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Tsvetana Paraskova

Tsvetana Paraskova

Tsvetana is a writer for Oilprice.com with over a decade of experience writing for news outlets such as iNVEZZ and SeeNews. 

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China’s Oil Demand Rebounds To Pre-Coronavirus Levels

Sinopec Refinery

Oil demand in the world’s top oil importer, China, has rebounded to pre-coronavirus levels, Bloomberg reported on Monday, citing sources with inside knowledge of China’s energy sector.

China was the first to go into lockdown after the COVID-19 virus emerged in Wuhan, but it was also the first country to exit lockdown. Demand for oil and fuels has been rising over the past month as people return to commuting to work, preferring their own vehicles to public transportation.

According to Bloomberg’s sources, China’s gasoline and diesel consumption are already back to the pre-virus levels—a bullish sign for the oil market, which is looking at China for clues about when demand in the rest of the world could return to some form of normality.  

In February and early March, in the full lockdown and extended factory shutdowns and holidays, China’s oil demand had plunged by around 20 percent.

Over the past few weeks, more and more encouraging signs have emerged that China’s demand is recovering and helping lift global oil demand from the lows of the ‘Black April.’

Chinese refineries increased their run rates by 11 percent in April as the country began to emerge from the months-long lockdown prompted by the coronavirus outbreak that became a pandemic. At 13.1 million bpd, the April run rates were also higher than the average for the same month in 2019.

China’s crude oil imports jumped in April to about 9.84 million bpd as demand for fuels began to rebound and local refiners started to ramp up crude processing, according to Chinese customs data cited by Reuters.  

Recovering demand, not only in China but with signs of more demand ahead as U.S. states and major European economies continue to ease lockdowns, plus accelerated production cuts from OPEC+ and North America, were driving U.S. oil prices up by nearly 10 percent early on Monday - WTI Crude traded at $33.16 a barrel at 11:42 a.m. EDT, up by 12.67 percent on the day, a day before the expiry of the June contract.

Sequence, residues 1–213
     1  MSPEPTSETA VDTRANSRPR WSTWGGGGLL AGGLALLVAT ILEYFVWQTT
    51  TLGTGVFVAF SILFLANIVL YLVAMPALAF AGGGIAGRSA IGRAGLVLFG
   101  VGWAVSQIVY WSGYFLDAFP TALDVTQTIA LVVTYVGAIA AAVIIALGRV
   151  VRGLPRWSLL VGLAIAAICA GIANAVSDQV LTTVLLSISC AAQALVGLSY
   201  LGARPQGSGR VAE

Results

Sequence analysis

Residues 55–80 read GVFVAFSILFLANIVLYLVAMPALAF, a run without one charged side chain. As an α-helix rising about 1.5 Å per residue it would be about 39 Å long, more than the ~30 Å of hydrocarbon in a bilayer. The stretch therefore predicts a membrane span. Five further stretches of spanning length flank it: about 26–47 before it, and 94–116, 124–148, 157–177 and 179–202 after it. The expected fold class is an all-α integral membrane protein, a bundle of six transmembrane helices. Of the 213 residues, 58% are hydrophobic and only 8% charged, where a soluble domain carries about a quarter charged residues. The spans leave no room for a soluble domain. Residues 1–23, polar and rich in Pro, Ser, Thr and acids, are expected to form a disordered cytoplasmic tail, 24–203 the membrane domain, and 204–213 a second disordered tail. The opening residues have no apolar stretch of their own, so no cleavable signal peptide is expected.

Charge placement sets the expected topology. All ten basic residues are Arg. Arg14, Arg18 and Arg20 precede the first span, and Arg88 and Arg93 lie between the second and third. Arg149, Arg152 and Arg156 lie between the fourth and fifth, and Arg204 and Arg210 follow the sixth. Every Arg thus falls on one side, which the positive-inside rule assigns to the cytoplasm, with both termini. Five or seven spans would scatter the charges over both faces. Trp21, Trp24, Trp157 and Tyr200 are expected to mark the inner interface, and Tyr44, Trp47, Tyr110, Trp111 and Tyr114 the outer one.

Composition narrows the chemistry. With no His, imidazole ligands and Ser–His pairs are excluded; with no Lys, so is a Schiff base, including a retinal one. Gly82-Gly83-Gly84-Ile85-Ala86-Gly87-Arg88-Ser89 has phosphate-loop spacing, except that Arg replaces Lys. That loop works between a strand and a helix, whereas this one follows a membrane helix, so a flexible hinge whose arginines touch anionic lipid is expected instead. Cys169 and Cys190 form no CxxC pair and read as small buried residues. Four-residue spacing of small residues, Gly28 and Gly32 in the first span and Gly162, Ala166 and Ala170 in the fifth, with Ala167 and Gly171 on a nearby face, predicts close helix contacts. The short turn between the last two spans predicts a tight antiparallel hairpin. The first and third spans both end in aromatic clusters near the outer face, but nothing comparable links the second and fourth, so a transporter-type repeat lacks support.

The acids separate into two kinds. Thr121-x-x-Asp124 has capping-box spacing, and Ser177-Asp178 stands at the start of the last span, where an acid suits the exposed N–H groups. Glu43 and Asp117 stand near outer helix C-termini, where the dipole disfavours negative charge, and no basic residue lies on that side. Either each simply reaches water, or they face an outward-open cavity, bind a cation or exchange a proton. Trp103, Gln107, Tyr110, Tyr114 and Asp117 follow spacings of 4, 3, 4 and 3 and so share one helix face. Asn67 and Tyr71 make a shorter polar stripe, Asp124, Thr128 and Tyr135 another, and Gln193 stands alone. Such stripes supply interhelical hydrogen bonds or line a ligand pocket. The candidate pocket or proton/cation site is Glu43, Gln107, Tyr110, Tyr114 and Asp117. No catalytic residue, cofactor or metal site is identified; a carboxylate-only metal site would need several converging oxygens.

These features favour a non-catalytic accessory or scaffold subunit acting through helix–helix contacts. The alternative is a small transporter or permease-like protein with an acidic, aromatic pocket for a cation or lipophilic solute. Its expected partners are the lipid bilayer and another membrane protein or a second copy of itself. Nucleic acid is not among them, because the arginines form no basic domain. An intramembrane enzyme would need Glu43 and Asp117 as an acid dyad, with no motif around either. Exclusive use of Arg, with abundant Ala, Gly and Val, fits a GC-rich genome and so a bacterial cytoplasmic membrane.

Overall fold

By Tsvetana Paraskova for Oilprice.com

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  • Mamdouh Salameh on May 18 2020 said:
    China will continue to be the uncontested driver of both the global economy and the global oil market well into the future.

    China is already bouncing back extremely quickly in all sectors with projections already abound that China could grow at 6.8% in 2021 compared with 6.1% in 2019. This development will give a huge impetus to an oil market bereft of good news and may also prevent oil prices from sliding downward.

    Despite the coronavirus outbreak, China’s crude oil imports in the first four months of 2020 averaged 10.11 mbd and were slightly higher than the same period of 2019. Moreover, China has been taking advantage of super-low oil prices to expand its strategic oil reserves before prices rise again. It is also stocking up on cheap LNG.

    It has been reported by Bloomberg news that 117 very large crude oil carriers (VLCCs) are on their way to Chinese ports bringing some 234 million barrels of crude oil bought in April when oil prices were around $25 a barrel or less. This could save China an estimated $8.2 billion as a price difference between $60 in January to $25 in April.

    Dr Mamdouh G Salameh
    International Oil Economist
    Visiting Professor of Energy Economics at ESCP Europe Business School, London

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